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Provide detailed contacts with names and pictures, not faceless forms

First off, invite personal contact.  Make it easy for people to call, e-mail, or write you a letter. You, personally.

Put up real names and pictures with e-mail addresses, snail mail addresses, and (most daring of all) phone numbers.

Showing your face and real contact info, you can persuade people that they actually have a chance of communicating with a human being, not some robotic autoresponder.

Plus, if your organization can stand it, you can carve up responsibility for answering customer e-mails, and suggest that if the question deals with printers, this person is the one to write to, but if people are having a problem with a scanner, they should try this other person. Avoid the one-size-fits-all INFO at your web site, a dumping ground that most savvy consumers avoid, sensing they will only get a stupid form letter back.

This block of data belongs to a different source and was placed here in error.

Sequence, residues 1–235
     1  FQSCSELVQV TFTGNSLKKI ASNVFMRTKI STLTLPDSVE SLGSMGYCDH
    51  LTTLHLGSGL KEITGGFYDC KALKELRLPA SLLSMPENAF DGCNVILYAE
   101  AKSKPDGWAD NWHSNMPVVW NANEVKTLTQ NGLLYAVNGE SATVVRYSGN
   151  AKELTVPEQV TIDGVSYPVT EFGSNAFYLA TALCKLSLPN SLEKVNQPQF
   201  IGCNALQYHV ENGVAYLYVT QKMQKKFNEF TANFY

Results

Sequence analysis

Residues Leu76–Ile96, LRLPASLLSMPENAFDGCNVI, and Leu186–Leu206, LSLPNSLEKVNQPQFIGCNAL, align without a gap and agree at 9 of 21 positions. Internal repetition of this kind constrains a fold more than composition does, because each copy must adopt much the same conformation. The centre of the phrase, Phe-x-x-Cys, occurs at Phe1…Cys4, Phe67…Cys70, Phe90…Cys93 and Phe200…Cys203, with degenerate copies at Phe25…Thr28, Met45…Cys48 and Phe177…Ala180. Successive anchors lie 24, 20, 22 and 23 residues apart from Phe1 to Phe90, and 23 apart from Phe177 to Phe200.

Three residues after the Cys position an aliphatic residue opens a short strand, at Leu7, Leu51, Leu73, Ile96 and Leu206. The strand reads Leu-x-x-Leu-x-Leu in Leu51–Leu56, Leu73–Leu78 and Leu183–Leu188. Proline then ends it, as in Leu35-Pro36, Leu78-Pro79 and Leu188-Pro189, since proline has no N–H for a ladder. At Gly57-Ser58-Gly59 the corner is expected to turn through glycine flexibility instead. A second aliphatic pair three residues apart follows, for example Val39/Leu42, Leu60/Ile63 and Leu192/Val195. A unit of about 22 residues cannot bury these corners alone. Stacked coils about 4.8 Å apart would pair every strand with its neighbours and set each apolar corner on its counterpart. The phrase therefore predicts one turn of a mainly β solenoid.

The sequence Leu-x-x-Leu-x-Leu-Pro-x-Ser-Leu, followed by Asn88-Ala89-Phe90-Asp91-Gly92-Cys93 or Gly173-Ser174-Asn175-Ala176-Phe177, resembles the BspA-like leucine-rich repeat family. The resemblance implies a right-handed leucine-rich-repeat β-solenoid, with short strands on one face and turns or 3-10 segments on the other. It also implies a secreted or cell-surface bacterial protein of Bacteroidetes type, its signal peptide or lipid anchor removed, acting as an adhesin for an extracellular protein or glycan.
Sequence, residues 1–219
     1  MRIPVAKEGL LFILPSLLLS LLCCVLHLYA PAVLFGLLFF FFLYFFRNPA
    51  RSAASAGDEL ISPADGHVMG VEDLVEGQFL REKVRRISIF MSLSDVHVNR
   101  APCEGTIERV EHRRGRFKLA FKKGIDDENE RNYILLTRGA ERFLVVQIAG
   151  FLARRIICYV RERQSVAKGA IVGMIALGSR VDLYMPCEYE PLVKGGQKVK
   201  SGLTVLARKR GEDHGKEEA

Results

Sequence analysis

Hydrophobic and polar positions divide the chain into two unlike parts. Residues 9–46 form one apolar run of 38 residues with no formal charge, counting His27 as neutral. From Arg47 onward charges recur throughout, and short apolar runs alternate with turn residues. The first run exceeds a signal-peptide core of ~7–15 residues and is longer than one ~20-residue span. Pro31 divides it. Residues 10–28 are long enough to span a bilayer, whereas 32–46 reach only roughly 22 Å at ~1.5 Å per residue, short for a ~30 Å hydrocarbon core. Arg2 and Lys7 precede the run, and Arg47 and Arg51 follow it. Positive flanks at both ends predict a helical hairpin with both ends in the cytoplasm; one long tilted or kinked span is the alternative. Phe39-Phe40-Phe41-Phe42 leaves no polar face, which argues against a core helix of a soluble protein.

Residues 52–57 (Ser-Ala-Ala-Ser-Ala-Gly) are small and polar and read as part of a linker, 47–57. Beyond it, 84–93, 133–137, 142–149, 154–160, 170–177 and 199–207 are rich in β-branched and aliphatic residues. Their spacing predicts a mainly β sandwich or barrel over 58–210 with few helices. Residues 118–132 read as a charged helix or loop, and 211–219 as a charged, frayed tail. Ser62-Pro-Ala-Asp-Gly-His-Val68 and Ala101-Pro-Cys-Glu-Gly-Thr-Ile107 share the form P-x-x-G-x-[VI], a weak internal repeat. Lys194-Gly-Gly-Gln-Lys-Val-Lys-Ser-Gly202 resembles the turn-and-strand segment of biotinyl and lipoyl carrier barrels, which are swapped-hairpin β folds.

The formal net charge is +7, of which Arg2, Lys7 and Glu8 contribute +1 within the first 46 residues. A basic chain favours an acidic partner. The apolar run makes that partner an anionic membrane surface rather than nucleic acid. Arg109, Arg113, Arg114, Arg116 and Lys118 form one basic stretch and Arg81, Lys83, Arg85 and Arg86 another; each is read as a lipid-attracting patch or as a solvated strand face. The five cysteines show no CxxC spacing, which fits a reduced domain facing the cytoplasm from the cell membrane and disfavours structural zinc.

You can filter a lot of questions right on the Web site, rather than depending on expensive software to analyze incoming traffic.

And if you don't dare admit who you are on the site, then spend the money to route the e-mail to the right respondent, within seconds, so e-mails don't end up in the hands of idiots, or, worse, people who could care less about the issue.


E-mail responses to customers, chapter from Hot Text, Web Writing that Works (PDF, 995K, or about 18 minutes at 56K)



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